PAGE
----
But, yeah, I think the election is troubling. You’ve got a very rich guy running who has no idea what most of the country is going through. And he doesn’t seem to care either. And I’m disappointed with Obama, but I’m very much pro-Obama. Although I’m disappointed, he still did get a health care bill through, and if the Republicans come in, they’ll get rid of it. They’ll get rid of affirmative action, they’ll get rid of any social program that they can get rid of. They’ve actually said that they’re going to dismantle any social programs, and basically let corporations govern the country, more or less.
We live in a time when politicians are more like celebrities, where the personality is far more important than the politics. Justin Bieber has a good shot at the White House in 2016… I think that’s going to change. I think history shows that when things start to really go wrong, people finally pull it together and find a voice. I’m actually very optimistic about the future. That’s why I’m such a supporter of democracy. Democracy works. It’s messy, it’s ugly, it’s tasteless, it’s brutal, but it’s better than any other form of government – to quote Winston Churchill. It’s the best that we’ve come up with, and I think it’s going to be a very interesting next 25 years ahead…
With fame, the freaks come out of the woodwork. And it can bring the freak out in your friends too. You got a taste of this recently when publisher Cantara Christopher set out on something of a rampage against you and your family with a 2009 online essay, A Poet From Hollywood: The Secret History Of The Gyllenhaals, making all sorts of salacious claims [such as Gyllenhaal doing a public reading of a poem that described how he would like to stab to death his then-wife Foner with a bread knife, with his then wife’s father in the audience]. Was that a shock to the system? Yeah, it was horrible, but I just find that if you decide to be in the spotlight, and you’ve got children in the spotlight, troubled people will try and take advantage of it for their own reasons. I feel sad about it, but what can you do? It’s part of the process, and you move forward with your life. In a funny way, I’ve learnt awful publicity is still publicity, and if you just forget it and move on, and speak your mind, you’ll get over it. And I’m in a very lucky position where people will hear me. Having said that, there are times when people will pretend to be you and say crazy things, but what can I do? I’m a big boy, and I have done this long enough, so, you have to just roll with the punches.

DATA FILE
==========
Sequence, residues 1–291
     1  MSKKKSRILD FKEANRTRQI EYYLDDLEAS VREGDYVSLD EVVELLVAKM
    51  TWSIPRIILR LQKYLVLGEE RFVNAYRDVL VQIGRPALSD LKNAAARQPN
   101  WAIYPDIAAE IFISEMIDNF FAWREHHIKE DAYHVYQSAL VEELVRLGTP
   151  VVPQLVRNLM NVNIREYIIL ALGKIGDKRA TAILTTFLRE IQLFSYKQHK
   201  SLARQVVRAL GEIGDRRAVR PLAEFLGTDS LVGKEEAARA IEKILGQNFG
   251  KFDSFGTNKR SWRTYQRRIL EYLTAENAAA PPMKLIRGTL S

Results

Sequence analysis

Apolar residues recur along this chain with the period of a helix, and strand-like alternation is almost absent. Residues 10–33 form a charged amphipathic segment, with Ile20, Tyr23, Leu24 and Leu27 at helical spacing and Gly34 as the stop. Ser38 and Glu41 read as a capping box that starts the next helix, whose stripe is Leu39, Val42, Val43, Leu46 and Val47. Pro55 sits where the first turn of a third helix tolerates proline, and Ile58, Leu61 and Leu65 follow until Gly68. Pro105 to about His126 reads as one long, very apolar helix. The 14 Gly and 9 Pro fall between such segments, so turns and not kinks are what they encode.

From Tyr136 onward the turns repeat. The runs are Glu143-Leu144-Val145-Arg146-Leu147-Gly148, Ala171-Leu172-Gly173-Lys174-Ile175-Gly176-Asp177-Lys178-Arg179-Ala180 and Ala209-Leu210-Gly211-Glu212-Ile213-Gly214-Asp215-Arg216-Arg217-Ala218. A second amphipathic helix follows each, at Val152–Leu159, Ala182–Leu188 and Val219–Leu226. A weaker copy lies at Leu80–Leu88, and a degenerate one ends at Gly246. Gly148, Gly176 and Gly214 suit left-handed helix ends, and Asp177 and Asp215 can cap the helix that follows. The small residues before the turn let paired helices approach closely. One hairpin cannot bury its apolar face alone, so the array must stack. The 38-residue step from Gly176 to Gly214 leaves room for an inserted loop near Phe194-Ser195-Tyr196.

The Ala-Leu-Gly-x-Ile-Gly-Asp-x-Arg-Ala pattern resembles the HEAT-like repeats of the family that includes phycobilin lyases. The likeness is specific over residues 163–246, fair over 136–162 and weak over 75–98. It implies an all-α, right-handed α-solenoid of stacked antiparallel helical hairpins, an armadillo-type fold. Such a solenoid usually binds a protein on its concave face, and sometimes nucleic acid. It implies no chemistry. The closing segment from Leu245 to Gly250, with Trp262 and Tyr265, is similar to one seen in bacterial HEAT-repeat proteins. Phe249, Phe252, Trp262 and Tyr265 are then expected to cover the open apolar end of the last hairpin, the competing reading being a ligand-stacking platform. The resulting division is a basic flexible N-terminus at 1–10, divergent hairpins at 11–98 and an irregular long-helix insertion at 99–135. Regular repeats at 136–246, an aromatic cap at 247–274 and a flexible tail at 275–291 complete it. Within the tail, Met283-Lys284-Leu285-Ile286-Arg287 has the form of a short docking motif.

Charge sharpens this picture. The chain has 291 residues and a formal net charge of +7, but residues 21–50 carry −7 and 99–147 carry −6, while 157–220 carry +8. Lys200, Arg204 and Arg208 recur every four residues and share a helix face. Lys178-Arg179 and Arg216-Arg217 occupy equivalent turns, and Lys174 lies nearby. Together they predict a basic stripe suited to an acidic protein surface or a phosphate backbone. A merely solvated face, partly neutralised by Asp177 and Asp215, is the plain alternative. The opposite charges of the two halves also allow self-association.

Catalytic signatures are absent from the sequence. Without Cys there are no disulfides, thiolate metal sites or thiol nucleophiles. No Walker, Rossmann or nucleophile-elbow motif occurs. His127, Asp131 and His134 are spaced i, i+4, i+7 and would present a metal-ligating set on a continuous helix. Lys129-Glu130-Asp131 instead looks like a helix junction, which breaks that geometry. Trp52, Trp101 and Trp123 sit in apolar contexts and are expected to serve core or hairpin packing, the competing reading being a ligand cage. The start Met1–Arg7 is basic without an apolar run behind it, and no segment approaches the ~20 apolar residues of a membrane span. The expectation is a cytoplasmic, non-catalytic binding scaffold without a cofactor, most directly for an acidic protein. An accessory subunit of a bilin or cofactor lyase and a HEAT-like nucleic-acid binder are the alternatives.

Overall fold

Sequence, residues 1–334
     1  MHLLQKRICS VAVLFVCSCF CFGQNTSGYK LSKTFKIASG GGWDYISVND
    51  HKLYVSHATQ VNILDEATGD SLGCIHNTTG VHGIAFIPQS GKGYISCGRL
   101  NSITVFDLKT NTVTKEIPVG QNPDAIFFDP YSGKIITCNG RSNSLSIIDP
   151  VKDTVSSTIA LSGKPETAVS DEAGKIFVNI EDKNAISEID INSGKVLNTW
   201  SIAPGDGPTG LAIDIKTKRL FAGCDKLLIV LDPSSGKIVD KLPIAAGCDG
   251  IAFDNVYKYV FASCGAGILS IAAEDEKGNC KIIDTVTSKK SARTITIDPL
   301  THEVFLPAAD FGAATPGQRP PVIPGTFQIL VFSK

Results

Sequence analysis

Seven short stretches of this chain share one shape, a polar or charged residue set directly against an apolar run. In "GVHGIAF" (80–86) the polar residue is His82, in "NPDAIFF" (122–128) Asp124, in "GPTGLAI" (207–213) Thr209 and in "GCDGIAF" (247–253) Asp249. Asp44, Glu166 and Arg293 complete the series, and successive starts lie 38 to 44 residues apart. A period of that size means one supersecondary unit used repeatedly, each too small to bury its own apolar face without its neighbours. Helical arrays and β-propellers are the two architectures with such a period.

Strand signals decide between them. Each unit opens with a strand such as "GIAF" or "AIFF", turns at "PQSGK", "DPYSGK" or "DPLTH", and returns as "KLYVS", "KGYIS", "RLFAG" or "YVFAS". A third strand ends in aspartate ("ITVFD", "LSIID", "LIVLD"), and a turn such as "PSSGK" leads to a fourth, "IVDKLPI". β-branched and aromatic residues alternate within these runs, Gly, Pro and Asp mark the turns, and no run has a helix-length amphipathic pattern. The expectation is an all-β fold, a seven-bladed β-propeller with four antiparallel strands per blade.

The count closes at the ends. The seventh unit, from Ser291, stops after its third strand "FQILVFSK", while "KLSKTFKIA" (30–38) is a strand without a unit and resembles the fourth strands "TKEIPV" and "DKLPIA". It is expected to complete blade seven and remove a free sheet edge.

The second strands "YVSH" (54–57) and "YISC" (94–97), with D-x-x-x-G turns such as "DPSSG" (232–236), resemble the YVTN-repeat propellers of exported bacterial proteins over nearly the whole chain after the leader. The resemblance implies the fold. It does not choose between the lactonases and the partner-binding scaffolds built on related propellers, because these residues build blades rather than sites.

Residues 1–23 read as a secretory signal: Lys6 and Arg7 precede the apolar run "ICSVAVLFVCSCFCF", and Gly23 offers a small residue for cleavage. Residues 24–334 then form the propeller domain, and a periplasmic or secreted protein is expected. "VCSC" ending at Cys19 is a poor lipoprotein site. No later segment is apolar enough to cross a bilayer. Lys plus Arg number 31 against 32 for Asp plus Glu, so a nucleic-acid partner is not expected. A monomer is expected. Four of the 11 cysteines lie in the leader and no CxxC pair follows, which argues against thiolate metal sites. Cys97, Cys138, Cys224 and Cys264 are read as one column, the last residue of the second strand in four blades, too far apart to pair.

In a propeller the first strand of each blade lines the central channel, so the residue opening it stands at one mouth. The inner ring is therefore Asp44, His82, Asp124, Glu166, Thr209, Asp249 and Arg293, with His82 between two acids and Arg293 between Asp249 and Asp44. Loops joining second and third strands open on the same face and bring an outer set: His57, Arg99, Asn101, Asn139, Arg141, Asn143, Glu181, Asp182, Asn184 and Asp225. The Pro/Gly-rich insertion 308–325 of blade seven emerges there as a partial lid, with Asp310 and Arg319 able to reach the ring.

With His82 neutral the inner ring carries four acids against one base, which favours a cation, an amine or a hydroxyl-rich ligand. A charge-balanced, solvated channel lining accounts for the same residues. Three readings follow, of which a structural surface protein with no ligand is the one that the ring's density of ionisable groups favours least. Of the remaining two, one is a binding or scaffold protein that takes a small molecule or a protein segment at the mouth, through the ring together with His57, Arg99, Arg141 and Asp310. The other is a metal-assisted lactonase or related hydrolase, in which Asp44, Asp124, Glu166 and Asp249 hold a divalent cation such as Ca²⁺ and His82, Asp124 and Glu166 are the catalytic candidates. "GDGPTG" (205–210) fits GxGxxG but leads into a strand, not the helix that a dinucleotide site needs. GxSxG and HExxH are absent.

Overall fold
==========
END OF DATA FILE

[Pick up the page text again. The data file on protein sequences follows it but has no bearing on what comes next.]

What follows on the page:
It’s the job of the artist to inject their soul into their work, but there’s a price to be paid. I have a friend who let her partner know it was over when she began including a brutal poem about their relationship in her public readings. You seem to come from that school of thought, so, you’re obviously prepared to live with the consequences of opening your heart in that manner… I think the consequences of not opening your heart, of not speaking your mind, are far more damaging than doing it and living with whatever little barbs take place. It’s much more fun to just open up and be very, very honest about what you’re going through. It threatens some people, and it angers some people, but it’s vastly more fun to do it. And then you’ll find the people who really care about you.